We all know the great commandment, ‘Love your neighbour as yourself’. It establishes the ground for right action on love and on knowledge of one’s self. All effective actions for social justice, all significant movements for political change, all collective steps towards environmental sustainability, need to be rooted in our personal knowledge of love.
But, what if I find in myself things that I do not love? What if I find that what I accuse others of doing or failing to do is also within my own capacities and that sometimes I too fail to act justly or sustainably? What if I discover, as Carl Jung said, “that I myself am the enemy who must be loved. What then?”
What then? Well, perhaps then I am freer than I was before this discovery. Perhaps then, awakened to my own need for love, I am more open to receive love from another. Perhaps then, as I am loved in my dark places, I can widen my love for others. Perhaps then the actions I undertake to build a better world for all will be more authentic and more effective.
Today in the Christian gospel we hear that Jesus proclaimed at the beginning of his ministry that he was sent to bring good news to those who are poor. This established acting for those who are poor and marginalized and advocating for our damaged earth as the priority for Christian life. It also means that God is available to us when we find ourselves poor, harbouring the enemy within us, and in need of love.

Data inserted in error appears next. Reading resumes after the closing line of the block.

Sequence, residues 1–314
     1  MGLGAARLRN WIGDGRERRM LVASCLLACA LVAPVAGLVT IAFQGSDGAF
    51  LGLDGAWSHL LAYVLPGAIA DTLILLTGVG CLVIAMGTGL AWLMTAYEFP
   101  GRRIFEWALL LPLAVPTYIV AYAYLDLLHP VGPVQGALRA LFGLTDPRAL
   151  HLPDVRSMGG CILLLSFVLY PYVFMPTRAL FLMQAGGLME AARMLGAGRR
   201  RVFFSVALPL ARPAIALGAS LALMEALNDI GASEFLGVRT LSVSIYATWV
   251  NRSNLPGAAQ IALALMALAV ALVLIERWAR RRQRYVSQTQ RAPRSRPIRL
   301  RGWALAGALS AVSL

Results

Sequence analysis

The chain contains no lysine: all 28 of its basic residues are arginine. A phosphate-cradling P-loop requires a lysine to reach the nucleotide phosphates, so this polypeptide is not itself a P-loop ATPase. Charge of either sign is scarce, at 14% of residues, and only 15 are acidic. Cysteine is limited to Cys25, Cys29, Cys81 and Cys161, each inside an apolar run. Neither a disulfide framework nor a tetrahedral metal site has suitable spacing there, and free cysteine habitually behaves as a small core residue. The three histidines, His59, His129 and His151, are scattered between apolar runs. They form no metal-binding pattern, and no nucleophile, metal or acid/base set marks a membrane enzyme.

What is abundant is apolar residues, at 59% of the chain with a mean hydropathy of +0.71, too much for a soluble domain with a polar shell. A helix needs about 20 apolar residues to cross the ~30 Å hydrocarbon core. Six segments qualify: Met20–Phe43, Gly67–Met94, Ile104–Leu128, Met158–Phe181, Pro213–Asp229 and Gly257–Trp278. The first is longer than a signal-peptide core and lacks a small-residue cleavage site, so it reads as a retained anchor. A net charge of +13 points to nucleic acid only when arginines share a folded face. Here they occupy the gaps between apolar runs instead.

As I live into the way of engaged spirituality I am deepening in my awareness of how my actions for others are intimately connected to my own needs. Working for economic justice for all; trying to live simply so as to live sustainably on this good earth of ours; trying to wage peace in a world armed for violence and trying to build toward realizable hopes are all connected to my own needs. And sometimes I am the one who needs attention so that I am able to love and to act. The personal and the political are indeed connected and God is the midst of both. And this is good news.